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  • Springer  (3)
  • The Company of Biologists
  • German Medical Science GMS Publishing House; Düsseldorf
  • 2000-2004  (3)
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  • 1
    ISSN: 1432-8798
    Source: Springer Online Journal Archives 1860-2000
    Topics: Medicine
    Notes: Summary.  Infection with measles virus induces a transient immunosuppression, which occasionally results in fatal opportunistic infections. To obtain fundamental information about the mechanism, we examined peripheral blood mononuclear cells (PBMC) from acute measles patients aged from infants to 35 years old, obtained at various times from incubation periods to 103 days after onset of rash, for the number of lymphocyte subsets by flowcytometry. The data were analyzed for relationships between aging of the patients and the severity of immunosuppression. In classical measles cases, infected lymphocytes detected as a minor pupulation during the incubation period disappeared soon after onset of rash, whereas in the cases of serious illness, the infected cells persisted longer after the rash. At the onset of rash, remarkable lymphopenia had already occurred in all measles cases with reduction in cell numbers of CD4+T cells, CD8+T cells, B cells, neutrophils, and monocytes. In contrast, natural killer (NK) cells were increased in number and activated, which might be a response compensatory for the lymphopenia. Apoptosis-associated molecules such as CD95(Fas) and TNF-related apoptosis-inducing ligand-receptor (TRAIL-R) were highly expressed on the cell surface of most surviving non-infected lymphocytes, and DNA fragmentation was also observed upon incubation in vitro. These results suggested that the profound lymphopenia was primarily due to extended death of non-infected blood cells caused by apoptosis. The severity and duration of the lumphopenia were age-dependent; less severe in young children whereas much severer in infants under one year of age as well as adolescents and adults. From these results, it was suggested that remarkable lymphopenia due to apoptosis of uninfected cells is one of the principal causes for immunosuppression induced by measles virus infection, and is correlated with the age-dependent severity of the disease.
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  • 2
    ISSN: 1432-0614
    Source: Springer Online Journal Archives 1860-2000
    Topics: Biology , Process Engineering, Biotechnology, Nutrition Technology
    Notes: Abstract The characteristics of regulation of the gene encoding the third xylanase (Xyn III) of a filamentous fungus, Trichoderma reesei PC-3–7, were studied by Northern blot analysis. A partial DNA sequence (185 bp) of the xyn3 gene was obtained by PCR amplification of genomic DNA of T. reesei PC-3–7 and sequenced. This xyn3 gene fragment was used as a probe for Southern and Northern blot analysis. The expression of the xyn3 gene was regulated at the transcriptional level. The xyn3 mRNA was expressed in mycelia of T. reesei PC-3–7 induced by Avicel, l-sorbose and sophorose, but not by xylose, xylooligosaccharides and birchwood xylan. Furthermore, it was observed that xyn3 was synchronously expressed with egl1 but not with xyn1 and xyn2 by l-sorbose, indicating that the xyn3 gene may be coordinately expressed with cellulase genes. By Southern blot analysis, the xyn3 gene was confirmed to exist as a single copy in both strains of T. reesei PC-3–7 and QM9414. However, no xyn3 mRNA appeared in the mycelia induced by any kind of inducers in T. reesei QM9414 even when total RNA was used in large excess, suggesting that the xyn3 gene in T. reesei QM9414 is in the dormant state and cannot be expressed. Therefore, T. reesei PC-3–7 may be a very useful strain for elucidating the induction mechanism of xylanase biosynthesis by cellulosic and xylanosic substrates, and also the regulatory correlation between cellulase and xylanase induction.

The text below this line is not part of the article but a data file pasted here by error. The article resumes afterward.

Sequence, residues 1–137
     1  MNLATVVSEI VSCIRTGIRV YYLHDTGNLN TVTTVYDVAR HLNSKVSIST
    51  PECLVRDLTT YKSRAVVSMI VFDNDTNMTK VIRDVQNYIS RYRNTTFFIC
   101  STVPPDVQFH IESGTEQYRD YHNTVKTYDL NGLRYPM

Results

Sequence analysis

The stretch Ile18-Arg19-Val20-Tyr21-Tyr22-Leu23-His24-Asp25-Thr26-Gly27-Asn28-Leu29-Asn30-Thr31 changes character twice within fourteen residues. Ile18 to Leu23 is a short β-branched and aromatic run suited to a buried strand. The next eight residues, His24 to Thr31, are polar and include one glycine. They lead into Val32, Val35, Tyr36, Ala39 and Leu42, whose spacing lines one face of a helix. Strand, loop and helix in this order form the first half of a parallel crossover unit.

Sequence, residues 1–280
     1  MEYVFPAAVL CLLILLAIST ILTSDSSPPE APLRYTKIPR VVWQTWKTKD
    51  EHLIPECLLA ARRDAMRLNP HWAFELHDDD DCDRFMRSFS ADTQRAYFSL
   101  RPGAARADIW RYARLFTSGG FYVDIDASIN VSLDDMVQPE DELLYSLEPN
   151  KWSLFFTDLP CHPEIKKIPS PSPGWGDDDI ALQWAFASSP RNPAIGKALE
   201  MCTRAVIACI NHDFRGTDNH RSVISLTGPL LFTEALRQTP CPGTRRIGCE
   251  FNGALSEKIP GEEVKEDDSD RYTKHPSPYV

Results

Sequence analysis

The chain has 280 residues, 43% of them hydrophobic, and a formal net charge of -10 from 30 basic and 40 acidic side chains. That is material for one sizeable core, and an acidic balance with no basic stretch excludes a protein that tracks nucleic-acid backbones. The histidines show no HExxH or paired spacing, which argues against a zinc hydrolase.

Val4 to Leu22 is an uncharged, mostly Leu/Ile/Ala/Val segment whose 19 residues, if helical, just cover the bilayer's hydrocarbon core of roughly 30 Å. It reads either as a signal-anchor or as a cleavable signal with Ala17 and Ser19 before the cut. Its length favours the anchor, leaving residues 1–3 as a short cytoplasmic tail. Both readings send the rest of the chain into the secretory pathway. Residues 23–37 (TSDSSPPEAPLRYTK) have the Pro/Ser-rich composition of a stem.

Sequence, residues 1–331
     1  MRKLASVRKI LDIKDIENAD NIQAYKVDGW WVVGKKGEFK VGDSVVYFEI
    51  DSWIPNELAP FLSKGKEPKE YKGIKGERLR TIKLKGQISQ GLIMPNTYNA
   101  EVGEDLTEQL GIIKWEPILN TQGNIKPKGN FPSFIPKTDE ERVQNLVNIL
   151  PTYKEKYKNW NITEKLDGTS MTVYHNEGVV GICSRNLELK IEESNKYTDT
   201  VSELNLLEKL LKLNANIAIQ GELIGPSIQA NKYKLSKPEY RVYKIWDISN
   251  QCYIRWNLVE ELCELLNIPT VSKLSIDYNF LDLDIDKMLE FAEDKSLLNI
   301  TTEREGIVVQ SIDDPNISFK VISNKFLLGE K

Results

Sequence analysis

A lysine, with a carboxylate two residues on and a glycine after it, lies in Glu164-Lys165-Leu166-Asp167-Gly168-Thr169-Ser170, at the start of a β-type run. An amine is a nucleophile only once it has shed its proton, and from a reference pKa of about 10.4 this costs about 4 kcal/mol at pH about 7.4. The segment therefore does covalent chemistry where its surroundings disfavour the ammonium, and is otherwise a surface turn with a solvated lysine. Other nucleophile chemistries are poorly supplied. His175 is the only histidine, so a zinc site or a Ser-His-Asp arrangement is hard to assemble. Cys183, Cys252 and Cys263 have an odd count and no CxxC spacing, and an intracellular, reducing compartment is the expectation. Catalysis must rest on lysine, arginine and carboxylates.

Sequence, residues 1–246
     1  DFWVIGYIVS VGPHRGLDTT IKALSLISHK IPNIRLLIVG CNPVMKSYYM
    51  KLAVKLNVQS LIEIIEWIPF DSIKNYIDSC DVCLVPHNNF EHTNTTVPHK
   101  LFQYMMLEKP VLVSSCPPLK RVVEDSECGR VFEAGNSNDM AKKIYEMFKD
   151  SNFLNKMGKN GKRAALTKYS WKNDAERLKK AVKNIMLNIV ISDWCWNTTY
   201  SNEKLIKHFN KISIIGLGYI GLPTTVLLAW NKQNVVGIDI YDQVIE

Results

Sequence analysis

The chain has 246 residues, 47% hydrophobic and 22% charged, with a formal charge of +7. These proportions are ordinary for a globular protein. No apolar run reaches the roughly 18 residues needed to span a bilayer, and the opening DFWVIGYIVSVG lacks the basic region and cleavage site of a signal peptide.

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  • 3
    ISSN: 1432-1211
    Keywords: Key words Decay-accelerating factor ; Transmembrane ; Glycosylphosphatidylinositol ; Complement ; Alternative splicing
    Source: Springer Online Journal Archives 1860-2000
    Topics: Biology , Medicine
    Notes: Abstract  Several cDNA clones encoding genetic homologues of human decay-accelerating factor (DAF) were isolated from rat testis cDNA libraries and reverse transcription-polymerase chain reaction products. Sequence analysis revealed that rat DAF exists as two membrane forms, a glycosylphosphatidylinositol (GPI)-anchored and a transmembrane (TM) form. Southern blotting analysis showed that GPI- and TM-form mRNAs of rat DAF are derived from a single gene, as is the case for guinea pig, though both forms of mouse DAF mRNA are derived from two genes. Gene analysis of the C-terminal region of rat DAF indicated that both forms of mRNA are presumably generated by alternative splicing of exons which encode a GPI/3′-untranslated (3′UT) region and a TM/3′UT region in the 3′ end of the Ser/Thr-rich region. Northern blot analysis indicated that rat GPI-DAF mRNA was present in all tissues examined except for liver, while rat TM-DAF mRNA was preferentially expressed in testis. Infant rat testis barely expressed TM-DAF and membrane cofactor protein (MCP) but highly expressed 5I2 antigen (5I2Ag, rat Crry). However, adult rat testis showed increased expression of the 1.6-kb transcript of rat GPI-DAF, TM-DAF, MCP, and the 0.7-kb transcript of CD59, with a decreased level of 5I2Ag expression. These results suggest that rat 5I2Ag/Crry may play an important role in regulating complement activation during the early stages of testis development, and that DAF, MCP, and CD59 expressed in testis may enable sperm to survive complement attack in the mucus of the female genital organ, and/or to interact with an ovum.
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